Magnolol 對人類肝癌細胞之抗肝癌活性的機制研究 Studies on the Mechanisms of Magnolol-Induced Anti-tumoral activity in Human Hepatoma Cells.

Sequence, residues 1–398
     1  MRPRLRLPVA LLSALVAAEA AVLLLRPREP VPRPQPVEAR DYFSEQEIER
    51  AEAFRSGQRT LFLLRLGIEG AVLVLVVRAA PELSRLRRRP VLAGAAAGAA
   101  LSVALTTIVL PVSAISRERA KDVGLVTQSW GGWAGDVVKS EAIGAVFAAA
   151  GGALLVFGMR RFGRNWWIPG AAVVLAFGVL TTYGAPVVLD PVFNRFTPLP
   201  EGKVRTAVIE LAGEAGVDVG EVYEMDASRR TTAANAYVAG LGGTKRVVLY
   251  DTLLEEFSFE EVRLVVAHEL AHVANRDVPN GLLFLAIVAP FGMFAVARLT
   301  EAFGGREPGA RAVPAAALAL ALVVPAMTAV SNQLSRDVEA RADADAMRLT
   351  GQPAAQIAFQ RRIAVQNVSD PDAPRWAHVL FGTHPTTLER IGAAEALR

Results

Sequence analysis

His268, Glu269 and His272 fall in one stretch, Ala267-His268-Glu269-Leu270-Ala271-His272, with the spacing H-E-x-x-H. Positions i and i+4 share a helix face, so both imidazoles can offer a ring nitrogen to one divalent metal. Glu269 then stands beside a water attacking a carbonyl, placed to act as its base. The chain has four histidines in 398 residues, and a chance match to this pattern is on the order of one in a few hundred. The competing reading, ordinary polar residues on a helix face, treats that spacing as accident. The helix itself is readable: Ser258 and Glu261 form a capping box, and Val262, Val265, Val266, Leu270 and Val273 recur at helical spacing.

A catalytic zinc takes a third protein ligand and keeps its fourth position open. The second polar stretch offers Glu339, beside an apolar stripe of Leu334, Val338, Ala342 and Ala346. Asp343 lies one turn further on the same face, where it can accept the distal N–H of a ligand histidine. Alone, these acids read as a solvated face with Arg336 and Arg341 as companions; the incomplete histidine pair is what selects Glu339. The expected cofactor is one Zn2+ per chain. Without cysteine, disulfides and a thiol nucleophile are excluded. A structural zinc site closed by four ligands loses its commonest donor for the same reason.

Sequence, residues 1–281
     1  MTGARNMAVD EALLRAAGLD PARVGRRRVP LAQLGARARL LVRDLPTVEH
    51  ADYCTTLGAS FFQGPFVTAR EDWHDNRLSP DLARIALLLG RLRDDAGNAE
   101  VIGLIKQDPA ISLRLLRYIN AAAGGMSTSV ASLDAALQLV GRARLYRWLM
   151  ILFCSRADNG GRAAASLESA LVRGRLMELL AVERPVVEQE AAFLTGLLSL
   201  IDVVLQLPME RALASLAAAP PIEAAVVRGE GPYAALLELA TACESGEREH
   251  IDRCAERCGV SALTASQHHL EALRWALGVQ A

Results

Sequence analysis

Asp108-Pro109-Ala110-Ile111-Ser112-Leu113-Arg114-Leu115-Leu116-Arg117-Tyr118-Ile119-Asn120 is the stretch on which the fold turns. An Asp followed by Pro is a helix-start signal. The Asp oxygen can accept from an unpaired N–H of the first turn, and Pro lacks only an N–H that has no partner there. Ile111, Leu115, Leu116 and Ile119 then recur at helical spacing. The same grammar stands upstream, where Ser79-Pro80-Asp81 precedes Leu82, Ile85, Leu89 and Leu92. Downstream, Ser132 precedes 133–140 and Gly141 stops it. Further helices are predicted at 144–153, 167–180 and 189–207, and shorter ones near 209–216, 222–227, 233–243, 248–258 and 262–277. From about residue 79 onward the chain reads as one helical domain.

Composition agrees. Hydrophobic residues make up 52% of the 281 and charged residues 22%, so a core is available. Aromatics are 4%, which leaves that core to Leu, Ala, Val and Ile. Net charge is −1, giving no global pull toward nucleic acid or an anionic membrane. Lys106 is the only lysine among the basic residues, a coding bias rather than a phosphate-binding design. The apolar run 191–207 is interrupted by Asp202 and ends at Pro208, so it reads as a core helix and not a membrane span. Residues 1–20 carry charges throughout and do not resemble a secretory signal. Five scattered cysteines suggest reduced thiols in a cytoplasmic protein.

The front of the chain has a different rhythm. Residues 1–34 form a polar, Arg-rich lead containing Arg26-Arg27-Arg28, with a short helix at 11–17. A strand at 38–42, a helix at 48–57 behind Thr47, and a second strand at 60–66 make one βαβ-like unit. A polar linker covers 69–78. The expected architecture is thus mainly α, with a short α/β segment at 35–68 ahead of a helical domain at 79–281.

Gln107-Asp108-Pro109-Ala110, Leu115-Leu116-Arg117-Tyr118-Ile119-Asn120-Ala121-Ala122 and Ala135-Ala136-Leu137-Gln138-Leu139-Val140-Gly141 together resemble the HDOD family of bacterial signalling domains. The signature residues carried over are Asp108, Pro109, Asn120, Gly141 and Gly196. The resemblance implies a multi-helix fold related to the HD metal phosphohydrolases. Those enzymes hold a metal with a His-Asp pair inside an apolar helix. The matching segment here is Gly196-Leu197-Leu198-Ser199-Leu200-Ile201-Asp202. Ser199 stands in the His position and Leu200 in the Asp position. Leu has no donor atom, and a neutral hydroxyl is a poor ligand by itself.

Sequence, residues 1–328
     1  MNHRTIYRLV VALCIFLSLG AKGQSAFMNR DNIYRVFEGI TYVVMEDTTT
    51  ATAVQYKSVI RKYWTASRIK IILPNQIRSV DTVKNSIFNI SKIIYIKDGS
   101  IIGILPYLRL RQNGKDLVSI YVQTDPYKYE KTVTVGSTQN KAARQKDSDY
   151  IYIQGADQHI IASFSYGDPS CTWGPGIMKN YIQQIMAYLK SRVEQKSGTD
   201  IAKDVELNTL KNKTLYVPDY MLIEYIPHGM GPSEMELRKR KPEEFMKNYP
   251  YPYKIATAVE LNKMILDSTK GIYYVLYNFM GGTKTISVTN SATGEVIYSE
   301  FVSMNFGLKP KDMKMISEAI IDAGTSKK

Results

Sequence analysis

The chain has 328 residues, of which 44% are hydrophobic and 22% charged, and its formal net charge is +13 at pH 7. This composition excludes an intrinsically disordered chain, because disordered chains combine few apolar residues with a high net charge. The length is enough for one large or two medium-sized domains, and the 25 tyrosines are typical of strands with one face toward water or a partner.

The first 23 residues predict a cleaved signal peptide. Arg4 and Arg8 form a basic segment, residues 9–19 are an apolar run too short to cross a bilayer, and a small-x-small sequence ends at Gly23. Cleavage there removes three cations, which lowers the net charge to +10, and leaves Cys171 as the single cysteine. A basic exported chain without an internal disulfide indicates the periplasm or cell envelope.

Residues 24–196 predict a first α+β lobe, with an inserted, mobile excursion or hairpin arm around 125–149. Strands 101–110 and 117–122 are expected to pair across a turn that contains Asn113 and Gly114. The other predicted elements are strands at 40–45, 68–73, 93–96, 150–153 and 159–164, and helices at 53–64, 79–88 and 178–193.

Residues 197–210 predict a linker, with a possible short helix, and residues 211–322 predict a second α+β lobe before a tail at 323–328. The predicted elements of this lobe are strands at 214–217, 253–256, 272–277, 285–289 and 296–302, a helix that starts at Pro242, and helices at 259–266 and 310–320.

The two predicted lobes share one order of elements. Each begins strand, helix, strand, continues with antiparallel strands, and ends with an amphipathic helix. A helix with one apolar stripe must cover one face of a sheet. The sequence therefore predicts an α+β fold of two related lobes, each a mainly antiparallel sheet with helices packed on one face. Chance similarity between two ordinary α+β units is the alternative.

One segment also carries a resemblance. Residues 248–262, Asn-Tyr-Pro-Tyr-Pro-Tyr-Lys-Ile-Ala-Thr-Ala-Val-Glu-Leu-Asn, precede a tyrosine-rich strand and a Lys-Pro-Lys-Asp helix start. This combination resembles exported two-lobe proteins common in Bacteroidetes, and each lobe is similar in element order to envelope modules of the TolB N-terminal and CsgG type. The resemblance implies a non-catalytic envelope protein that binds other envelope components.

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The objective of this thesis research is to investigate the anti-tumoral action of magnolol on the hepatoma cell line Hep-G2 and its underlying molecular mechanisms. In vitro studies demonstrated that magnolol at low concentrations (10~50 μM) induced a dose-dependent inhibition of Hep-G2 growth and cell cycle arrest. On the other hand, magnolol at a higher concentration (100 μM) induced an apoptosis of Hep-G2 cells. However, magnolol at these concentrations had no effect on human untransformed cells, such as human fibroblasts and human umbilical venous endothelial cells (HUVEC). Western blot analysis demonstrates that an increased expression of cyclin-dependent kinase (CDK) inhibitor, p21, is the major factor contributing the magnolol-mediated cell cycle arrest. Treatment of Hep-G2 with 100 μM magnolol caused DNA fragmentation and sub-G0/G1 peak at 72 hours when the cell was grown in the culture medium containing 10 % fetal bovine serum. Several apoptosis-related proteins including caspase 8 were shown to be activated in response to magnolol treatment in Hep-G2. Administration of Fas antagonist antibody (ZB4), which neutralized the Fas receptor, prevented the magnolol-mediated caspase 8 cleavage and suppressed the magnolol-induced apoptosis. This result suggests that Fas receptor may be involved, at least partially, in the magnolol-induced apoptosis.In conclusion, our data demonstrated that magnolol at low concentrations (10-50 μM) induced an anti-proliferation of Hep-G2 and at a higher concentration (100 μM) caused apoptosis. Only when the mechanism of its effect is fully understood can we begin to design a strategy to use magnolol for anti-cancer therapy.